Cons: Does not drive a pair of Dell U3011 Ultrasharp screens at anything beyond 1600x1200 in Windows XP or Ubuntu Linux Does not document maximum resolution supported via the DMS-59/DVI-D M1-DA cables supplied Support site requires registration (Do I really want to give you my email address for the same drivers that ATi is providing just so you can spam me with product news? No)
Overall Review: Note: This could be a decent card, but if the objective/selling point of the card is to support low form factor multi-monitor at the highest resolution possible, it's pretty important to mention what this card is capable of doing. A 5 year old ATi FireMV 2250 will cost less and do more.
Low price rockstar for ESXi
Pros: Cheap (obscenely cheap) Supports 4 SATA drives - even comes with the caddies and the screws/torx driver already mounted on the inside of the server access door. The design was definitely made with some serious thought in mind - more inclined to buy Proliant servers after this. Decent firepower Okay memory capacity (16GB with G-Skill F3-1333C9D-16GAO) Easy to service and repair Quiet enough to sit in a small apartment Internal USB port, great for loading VMWare ESXi or a Debian/BSD boot image
Cons: Could come with a hardware RAID option (discounted P410?) Could come with an extra NIC
Overall Review: Great machine, surprised by how well the Turion N40L (Same as an Athlon II/K625) handles multiple VM workloads. It's definitely good value. HP really should continue development of this series and add a more expensive Intel Core i5 option with VT-d support so it can be used with VMDirectPath.
Decent 7mm Drive
Pros: Good solid performance, 7200rpm, HDD password based self-encrypting drive, no need for trusted platform module
Cons: Does not come in 500GB version, HGST version of the drive is not sold by newegg, not even sure if it's even available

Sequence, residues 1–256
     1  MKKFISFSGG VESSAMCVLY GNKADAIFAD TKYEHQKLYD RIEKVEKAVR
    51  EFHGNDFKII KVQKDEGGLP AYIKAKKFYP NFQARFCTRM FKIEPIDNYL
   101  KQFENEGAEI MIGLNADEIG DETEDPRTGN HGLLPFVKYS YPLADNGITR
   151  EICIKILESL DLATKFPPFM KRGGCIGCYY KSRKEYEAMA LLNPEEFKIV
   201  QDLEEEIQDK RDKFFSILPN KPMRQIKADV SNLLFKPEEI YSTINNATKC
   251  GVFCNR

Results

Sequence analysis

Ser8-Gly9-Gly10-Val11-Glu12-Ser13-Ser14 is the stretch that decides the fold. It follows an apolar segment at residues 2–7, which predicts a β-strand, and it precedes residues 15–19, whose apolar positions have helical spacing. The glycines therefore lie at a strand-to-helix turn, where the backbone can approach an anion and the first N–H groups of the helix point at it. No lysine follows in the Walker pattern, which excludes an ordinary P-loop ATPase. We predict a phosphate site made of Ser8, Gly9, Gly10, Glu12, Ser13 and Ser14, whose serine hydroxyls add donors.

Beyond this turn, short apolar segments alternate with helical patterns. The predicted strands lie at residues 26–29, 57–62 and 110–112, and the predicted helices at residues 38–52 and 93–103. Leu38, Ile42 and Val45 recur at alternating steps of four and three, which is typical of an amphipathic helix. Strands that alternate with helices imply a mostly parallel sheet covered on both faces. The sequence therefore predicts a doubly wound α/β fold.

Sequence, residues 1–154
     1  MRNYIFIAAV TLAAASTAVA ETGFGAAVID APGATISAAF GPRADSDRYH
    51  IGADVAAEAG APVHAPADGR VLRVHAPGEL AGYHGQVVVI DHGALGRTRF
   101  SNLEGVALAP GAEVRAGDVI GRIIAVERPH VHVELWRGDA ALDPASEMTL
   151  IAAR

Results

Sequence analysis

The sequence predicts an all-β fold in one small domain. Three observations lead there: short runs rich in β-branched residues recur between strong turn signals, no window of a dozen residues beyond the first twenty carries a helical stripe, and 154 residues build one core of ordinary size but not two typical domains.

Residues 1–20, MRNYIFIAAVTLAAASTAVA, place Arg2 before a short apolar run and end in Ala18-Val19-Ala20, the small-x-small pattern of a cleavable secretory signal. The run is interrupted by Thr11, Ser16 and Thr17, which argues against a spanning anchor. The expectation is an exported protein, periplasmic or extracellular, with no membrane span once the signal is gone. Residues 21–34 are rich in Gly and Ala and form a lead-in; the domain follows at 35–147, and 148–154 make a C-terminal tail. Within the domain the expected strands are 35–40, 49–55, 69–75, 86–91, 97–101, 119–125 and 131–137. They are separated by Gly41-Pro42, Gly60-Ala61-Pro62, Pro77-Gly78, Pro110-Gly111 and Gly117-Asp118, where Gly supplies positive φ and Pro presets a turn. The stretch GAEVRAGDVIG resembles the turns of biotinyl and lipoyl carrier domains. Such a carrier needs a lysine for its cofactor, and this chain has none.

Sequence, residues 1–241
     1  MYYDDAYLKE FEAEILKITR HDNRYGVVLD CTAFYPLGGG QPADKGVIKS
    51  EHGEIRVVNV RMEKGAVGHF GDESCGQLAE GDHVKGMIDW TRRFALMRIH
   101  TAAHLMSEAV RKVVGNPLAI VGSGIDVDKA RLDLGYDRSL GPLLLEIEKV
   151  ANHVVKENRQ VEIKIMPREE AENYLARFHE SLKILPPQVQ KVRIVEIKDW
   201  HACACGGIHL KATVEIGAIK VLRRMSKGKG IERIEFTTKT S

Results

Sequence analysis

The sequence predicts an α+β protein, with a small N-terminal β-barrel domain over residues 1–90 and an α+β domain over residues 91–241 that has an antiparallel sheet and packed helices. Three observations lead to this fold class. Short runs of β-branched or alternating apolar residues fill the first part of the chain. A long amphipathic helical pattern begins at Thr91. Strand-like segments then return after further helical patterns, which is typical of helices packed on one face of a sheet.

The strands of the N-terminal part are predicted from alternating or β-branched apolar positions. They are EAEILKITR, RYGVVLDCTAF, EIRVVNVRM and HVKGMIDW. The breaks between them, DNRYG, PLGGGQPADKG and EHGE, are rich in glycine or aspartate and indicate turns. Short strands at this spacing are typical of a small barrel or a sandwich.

Overall Review: Long-time (2+ year) user in their 9.5mm standard height 7200.FDE2 500GB drive in an Acer Timeline 1810T (also a great machine), had nothing but great things to say about that model. The Timeline replacement (Aspire V5) only accept a 7mm drive, so was forced to buy a new unit...boo. Only thing that fits the bill (FDE, non-SSD, HDD, made by Seagate) is this one. Priced at $80 USD as of Black Friday 2012, had to re-install Windows 7 to get a clean install into the machine. So far I am happy with it. Only wish that Seagate offers a 500GB version (I run a devy of VMs so more capacity is always better, or if SandForce SSD vendors are better at defining what their so-called encryption happened to be (or if it's actually priced better). I am sticking with HDDs, and this one looks like a winner. Oh yeah. Newegg, you guys are rockstars. Fast shipment and great pricing - can a geek ask for more?
Not bad for a $600 Portable Powerhouse
Pros: Light, reasonably fast, Good value for the feature set - Core 2 Duo/SU7300, Bluetooth, 4GB of RAM, Win7HPre, decent HDD performance, HDMI output, 8GB DDR2 memory max supported. This is like the low cost alternative to a Thinkpad X200.
Cons: Build quality is not exactly ThinkPad-like, shiny bezel smudges and chips easily. Warranty is only 1 year and covers parts-only, but this is not a business-oriented machine anyways. Not sure if the Insyde BIOS can support virtualization. The Chipset and the CPU certainly does. Acer also tries to dilute brand by offering Pentium SU4100 versions at around the same price-point.
Overall Review: Seems to be an extremely competent NetBook replacement - while not all that fast (any C2D SU9400 will beat it), it is better than the Atom powered machines out there (even the Ion powered ones). Only wish that Acer has a version with the Geforce 9400M instead of the Intel GMA4500 MHD (which is not really all that bad for work), and maybe toss in a free carrying vinyl case like the MSI Wind series. Overall, it is a good bit of kit. Will probably upgrade chassis to 6GB of RAM and then attempt to run VMWare Workstation on it.